As a morphogenic programme, EMT is involved in the formation of tissue and organs during embryonic development and wound healing. During EMT, epithelial cells acquire mesenchymal features, such as decreased cell–cell contacts and loss of polarity, which promote increased motility and invasiveness. Thereby, EMT contributes to the progression of early‐stage tumours to invasive malignancies (Thiery, 2002; Lee et al, 2006; Hugo et al, 2007). So far only a few transcription factors, such as SNAIL, SLUG, TWIST1/2 and ZEB1/2, are thought to constitute the central regulatory core of EMT (Peinado et al, 2007; Sanchez‐Tillo et al, 2012). EMT has also been shown to promote stemness of cancer cells that may endow tumour initiating cells with traits necessary for metastasis formation, as shown for immortalized human mammary epithelial cells undergoing EMT (Brabletz et al, 2005b; Mani et al, 2008). Accordingly, SNAIL, TWIST and ZEB1 share the ability to induce both stemness and EMT (Mani et al, 2008; Wellner et al, 2009). Furthermore, tumour cells undergoing EMT show accumulation of active β‐catenin in the nucleus (reviewed in Brabletz et al, 2005a).
Recently, microRNAs (miRNAs) have emerged as major regulators of EMT (Brabletz, 2012; Hermeking, 2012). For example, members of the miR‐200 family and miR‐205 promote MET by inhibiting EMT inducing factors like ZEB1 and ZEB2 (Gregory et al, 2008; Park et al, 2008), and miR‐34a/b/c achieve the same effect by downregulating SNAIL expression (Kim et al, 2011; Siemens et al, 2011). Moreover, SNAIL directly represses miR‐34a/b/c transcription (Siemens et al, 2011). The resulting double‐negative feedback loop represents a bistable switch, which can be locked in the mesenchymal state by inactivation of miR‐34 genes by CpG methylation, which is often found in cancer cells (Hermeking, 2012; Siemens et al, 2013). Interestingly, the genes encoding the miR‐200 and miR‐34 families are direct p53 targets and their mediation of MET presumably contributes to tumour suppression by p53 (Hermeking, 2012).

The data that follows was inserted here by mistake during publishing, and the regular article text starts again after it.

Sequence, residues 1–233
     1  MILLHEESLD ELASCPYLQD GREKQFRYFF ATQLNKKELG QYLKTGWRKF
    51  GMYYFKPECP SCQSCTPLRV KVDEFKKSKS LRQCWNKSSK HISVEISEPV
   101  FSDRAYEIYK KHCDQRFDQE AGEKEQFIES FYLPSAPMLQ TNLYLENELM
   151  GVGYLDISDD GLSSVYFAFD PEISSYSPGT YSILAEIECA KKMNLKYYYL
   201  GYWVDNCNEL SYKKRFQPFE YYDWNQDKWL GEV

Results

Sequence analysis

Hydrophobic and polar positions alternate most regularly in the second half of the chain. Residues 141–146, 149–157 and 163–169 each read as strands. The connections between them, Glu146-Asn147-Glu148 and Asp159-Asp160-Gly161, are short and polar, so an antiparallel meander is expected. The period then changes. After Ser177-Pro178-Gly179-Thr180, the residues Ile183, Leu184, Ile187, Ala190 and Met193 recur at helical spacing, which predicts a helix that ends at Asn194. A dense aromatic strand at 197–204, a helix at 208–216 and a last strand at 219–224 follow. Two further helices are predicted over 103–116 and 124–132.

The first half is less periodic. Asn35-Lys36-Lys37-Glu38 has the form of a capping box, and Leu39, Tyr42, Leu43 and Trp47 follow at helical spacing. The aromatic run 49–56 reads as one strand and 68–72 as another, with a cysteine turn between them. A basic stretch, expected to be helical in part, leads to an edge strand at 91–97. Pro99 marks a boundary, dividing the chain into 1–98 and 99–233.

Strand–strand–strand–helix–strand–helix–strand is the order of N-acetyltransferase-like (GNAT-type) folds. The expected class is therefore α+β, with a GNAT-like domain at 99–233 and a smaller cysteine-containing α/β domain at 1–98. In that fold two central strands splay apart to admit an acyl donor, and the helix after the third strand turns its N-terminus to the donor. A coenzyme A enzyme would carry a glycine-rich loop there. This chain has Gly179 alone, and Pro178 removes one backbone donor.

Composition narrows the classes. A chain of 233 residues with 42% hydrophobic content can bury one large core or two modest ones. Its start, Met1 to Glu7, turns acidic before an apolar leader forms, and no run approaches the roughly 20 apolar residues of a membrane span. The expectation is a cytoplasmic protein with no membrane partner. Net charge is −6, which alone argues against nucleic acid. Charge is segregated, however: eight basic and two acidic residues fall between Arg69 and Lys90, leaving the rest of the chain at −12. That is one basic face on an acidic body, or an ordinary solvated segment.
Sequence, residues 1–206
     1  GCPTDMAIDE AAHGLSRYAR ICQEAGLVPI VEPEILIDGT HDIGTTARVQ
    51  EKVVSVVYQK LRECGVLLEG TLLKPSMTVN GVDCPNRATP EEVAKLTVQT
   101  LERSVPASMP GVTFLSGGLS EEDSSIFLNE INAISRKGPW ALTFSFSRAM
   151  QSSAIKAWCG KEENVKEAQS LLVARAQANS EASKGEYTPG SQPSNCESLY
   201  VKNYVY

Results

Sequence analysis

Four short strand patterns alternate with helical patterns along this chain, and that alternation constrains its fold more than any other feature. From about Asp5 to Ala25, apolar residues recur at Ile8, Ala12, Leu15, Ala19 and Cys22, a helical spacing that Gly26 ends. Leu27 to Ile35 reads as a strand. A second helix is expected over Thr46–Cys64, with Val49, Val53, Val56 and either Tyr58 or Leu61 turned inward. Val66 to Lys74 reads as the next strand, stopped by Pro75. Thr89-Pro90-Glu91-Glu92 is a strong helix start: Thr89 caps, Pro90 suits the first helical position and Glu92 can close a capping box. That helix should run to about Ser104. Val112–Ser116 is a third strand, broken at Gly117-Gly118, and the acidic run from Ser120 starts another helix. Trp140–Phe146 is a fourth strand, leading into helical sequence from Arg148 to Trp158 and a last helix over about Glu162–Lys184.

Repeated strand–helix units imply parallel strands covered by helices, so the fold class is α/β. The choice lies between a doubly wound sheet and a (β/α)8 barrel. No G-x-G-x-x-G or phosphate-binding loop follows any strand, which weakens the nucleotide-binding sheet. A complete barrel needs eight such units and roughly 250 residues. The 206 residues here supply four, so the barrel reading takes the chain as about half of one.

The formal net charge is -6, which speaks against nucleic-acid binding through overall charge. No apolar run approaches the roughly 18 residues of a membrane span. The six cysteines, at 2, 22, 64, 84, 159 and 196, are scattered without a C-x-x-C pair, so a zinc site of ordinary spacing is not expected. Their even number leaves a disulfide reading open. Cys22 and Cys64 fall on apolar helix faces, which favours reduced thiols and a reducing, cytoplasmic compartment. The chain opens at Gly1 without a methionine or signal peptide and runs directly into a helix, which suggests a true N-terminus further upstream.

Here, we show that ZNF281 expression is regulated by a feed‐forward loop involving SNAIL and miR‐34a. Taken together, we show that ZNF281 is an integral part of the EMT‐regulating transcriptional network and controls processes relevant to colorectal cancer (CRC) progression, such as migration, invasion, stemness and metastasis.
SNAIL regulates ZNF281 expression